What are special features when running Databricks on Azure?
Azure Databricks is a managed version of the Databricks platform optimized for running on Azure. Azure has tightly integrated the platform in its Azure Cloud integrating it with Active Directory, Azure virtual networks, Azure key vault and various Azure Storage services.
In this page we outline the specifics and benefits of running Databricks in Azure (called ‘Azure Databricks’)
Active Directory integration
When running Databricks in Azure, security is handled through Azure Active Directory (AAD). This practically means that, by default, users log-in through their Azure single sign-on.
Additionally, administrators can set-up other active directory integrations and policies:
- To fully centralize user management in AD, one can set-up the use of ‘System for Cross-domain Identity Management’ (SCIM) in Azure to automatically sync users & groups between Azure Databricks and Azure Active Directory. Practically, users are created in AD, assigned to an AD Group and both users and groups are pushed to Azure Databricks. This way all the user management is on Azure Active Directory level and there is no need to separately manage users for Azure Databricks. SCIM isn’t by default set-up and requires to be set-up. Read more about SCIM in Azure Databricks here or contact us to help you set it up.
- Role Based Access Control (RBAC) is another security feature but is only available for Azure Databricks in the premium tier. Only then, administrators or owners can assign different roles to different users. Based on the assigned role users can have limited actions such as permission to delete notebooks, to create new clusters and/or to pause clusters.
- Azure Active Directory also now offers conditional access for Azure Databricks. In this set-up, administrators can set up policies for access like requiring multi-factor authentication, blocking or granting access to users from specific locations, only allowing users to log-in in between office hours, etc. Conditional access needs to be set-up in your Active Directory; read more about it here or contact us.
Virtual Network integration (Premium feature)
By default, when deploying an Azure Databricks workspace a new locked virtual network is created. This virtual network is managed by Databricks and is the place where all the clusters are created.
if you want to have more control over the network features, one can deploy Azure Databricks cluster in your own virtual network. When running Azure Databricks in Premium tier, you can deploy within an existing virtual network and thus control the security yourself: e.g. you can apply traffic restrictions using network security group rules, access data sources from on-premise, connect to Azure services using service points, specify IP ranges that can access the workspace etc.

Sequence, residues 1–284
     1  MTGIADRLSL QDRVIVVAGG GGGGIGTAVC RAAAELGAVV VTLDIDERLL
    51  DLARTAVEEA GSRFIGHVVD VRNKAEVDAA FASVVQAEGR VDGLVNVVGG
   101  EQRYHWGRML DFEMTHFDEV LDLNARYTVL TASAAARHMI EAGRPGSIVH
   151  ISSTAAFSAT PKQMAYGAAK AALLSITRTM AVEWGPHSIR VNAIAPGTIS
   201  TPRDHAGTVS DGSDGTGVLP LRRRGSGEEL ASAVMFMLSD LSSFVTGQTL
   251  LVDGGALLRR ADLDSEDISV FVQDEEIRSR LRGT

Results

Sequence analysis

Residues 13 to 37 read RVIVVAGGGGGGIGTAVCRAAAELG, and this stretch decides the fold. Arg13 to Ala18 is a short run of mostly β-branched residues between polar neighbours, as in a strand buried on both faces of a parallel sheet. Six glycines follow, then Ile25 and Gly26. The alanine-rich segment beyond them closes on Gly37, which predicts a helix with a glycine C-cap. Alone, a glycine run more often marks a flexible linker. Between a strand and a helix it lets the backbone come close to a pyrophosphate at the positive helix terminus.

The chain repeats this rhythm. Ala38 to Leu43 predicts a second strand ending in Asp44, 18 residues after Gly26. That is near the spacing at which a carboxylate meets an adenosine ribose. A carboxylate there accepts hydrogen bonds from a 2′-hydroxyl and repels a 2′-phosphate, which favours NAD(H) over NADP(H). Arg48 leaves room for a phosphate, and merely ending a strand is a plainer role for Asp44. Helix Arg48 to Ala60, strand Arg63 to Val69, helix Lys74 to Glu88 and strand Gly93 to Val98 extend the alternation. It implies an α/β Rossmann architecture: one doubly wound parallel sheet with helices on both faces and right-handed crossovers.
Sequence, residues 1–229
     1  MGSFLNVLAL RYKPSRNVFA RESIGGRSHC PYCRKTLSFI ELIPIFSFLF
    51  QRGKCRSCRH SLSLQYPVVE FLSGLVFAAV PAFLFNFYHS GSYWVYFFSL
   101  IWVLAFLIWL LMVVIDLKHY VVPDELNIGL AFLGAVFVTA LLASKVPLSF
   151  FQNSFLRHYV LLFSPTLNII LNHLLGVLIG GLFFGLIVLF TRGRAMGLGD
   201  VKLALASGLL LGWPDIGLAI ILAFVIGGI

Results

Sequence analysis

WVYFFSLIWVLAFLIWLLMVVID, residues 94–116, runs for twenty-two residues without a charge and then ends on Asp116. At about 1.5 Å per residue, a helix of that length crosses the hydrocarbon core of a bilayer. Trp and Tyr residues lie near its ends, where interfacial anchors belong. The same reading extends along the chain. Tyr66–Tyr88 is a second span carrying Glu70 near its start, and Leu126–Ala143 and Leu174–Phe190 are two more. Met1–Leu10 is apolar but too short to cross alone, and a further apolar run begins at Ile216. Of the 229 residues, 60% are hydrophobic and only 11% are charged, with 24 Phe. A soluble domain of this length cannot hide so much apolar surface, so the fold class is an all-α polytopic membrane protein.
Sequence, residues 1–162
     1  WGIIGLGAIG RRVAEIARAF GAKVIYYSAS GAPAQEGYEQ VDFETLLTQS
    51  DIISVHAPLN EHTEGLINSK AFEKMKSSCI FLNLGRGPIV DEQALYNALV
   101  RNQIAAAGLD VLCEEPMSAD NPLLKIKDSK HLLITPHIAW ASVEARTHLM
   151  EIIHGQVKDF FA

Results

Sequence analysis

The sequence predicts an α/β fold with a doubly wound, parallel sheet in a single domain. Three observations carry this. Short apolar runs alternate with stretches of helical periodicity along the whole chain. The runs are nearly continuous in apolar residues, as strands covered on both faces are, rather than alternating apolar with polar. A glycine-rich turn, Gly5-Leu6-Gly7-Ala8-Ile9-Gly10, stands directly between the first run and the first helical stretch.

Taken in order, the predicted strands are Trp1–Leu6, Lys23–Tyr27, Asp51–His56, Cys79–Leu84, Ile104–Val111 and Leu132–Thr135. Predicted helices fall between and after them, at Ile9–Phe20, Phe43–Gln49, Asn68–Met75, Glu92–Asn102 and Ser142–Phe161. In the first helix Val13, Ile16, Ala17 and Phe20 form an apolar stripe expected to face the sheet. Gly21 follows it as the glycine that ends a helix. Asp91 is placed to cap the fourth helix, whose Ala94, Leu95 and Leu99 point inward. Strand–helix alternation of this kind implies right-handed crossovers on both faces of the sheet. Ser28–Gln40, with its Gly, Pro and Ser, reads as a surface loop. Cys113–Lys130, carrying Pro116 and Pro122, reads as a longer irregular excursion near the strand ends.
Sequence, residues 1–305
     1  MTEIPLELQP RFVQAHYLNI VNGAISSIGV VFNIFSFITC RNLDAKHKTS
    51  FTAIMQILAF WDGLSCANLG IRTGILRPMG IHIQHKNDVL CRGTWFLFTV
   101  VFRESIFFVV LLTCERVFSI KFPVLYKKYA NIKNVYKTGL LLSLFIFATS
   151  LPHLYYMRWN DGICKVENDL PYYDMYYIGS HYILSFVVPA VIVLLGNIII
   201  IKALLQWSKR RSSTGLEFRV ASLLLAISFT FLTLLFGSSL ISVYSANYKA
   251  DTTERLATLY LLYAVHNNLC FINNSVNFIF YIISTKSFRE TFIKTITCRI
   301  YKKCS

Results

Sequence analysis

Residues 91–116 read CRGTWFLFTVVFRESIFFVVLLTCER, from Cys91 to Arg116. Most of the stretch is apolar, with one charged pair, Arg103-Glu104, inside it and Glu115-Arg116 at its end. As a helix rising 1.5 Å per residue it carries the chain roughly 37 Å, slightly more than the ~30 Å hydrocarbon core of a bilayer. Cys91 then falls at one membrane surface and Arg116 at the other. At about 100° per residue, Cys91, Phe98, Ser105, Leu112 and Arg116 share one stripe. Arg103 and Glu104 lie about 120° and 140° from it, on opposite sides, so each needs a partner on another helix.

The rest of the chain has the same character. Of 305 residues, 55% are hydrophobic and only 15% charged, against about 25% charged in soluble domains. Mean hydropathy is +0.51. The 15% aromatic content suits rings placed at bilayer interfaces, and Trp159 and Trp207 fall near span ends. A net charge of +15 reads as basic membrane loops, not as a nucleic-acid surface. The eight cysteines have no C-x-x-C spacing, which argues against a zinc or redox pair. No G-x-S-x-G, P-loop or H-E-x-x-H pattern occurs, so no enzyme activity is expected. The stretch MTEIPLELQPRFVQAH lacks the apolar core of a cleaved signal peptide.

Credential Passthrough (Premium feature)
Credential Passthrough is a premium feature in Azure Databricks that allows to authenticate to Azure Data Lake Store using the Azure Active Directory identity logged into Azure Databricks. With this feature customers can control which user can access which data through Azure Databricks.
This feature needs to be enabled on the cluster (see screenshot below) and, once configured, users can then log-in & execute read/write commands to Azure Data Lake Store without the need to use service principal. The user can only read/write data based on the roles and ACLs the user has been granted on the Azure Data Lake Store.
The Credential Passthrough is available on High Concurrency and Standard clusters.
Key Vault integration
To manage secrets in Databricks we use secret scopes. There are two types of secret scopes: Azure Key Vault and Databricks based scopes. A Databricks secret scope is stored in an encrypted database which is managed by Databricks. If you create a Key Vault backed secret scope you can use all the secrets in the Azure Key Vault service.
To create a Key Vault integration, you have to go to a custom URL to set-up the integration: i.e.
https://westus.azuredatabricks.net#secrets/createScope). Here we create the secret scope after which we can use it in our notebooks (see second screenshot below)
Azure Storage Services integration
Azure Databricks has a very good integration with Azure Data storage services like Azure Blob Storage, Azure Data Lake Storage, Azure Cosmos DB and Azure SQL Data Warehouse. The connection with Azure SQL Database is similarly available but tougher to practically work with given it’s not possible to run an UPSERT or UPDATE statement (which is possible in the Azure SQL Data Warehouse integration).
We typically recommend to mount your Data Lake directly within your Azure Databricks notebooks. As such, one can interact directly with objects and files within the Data Lake and persist or write files directly to the Data Lake. Read more here about how to mount your Azure Data Lake Storage with Azure Databricks or contact us on how to get started.
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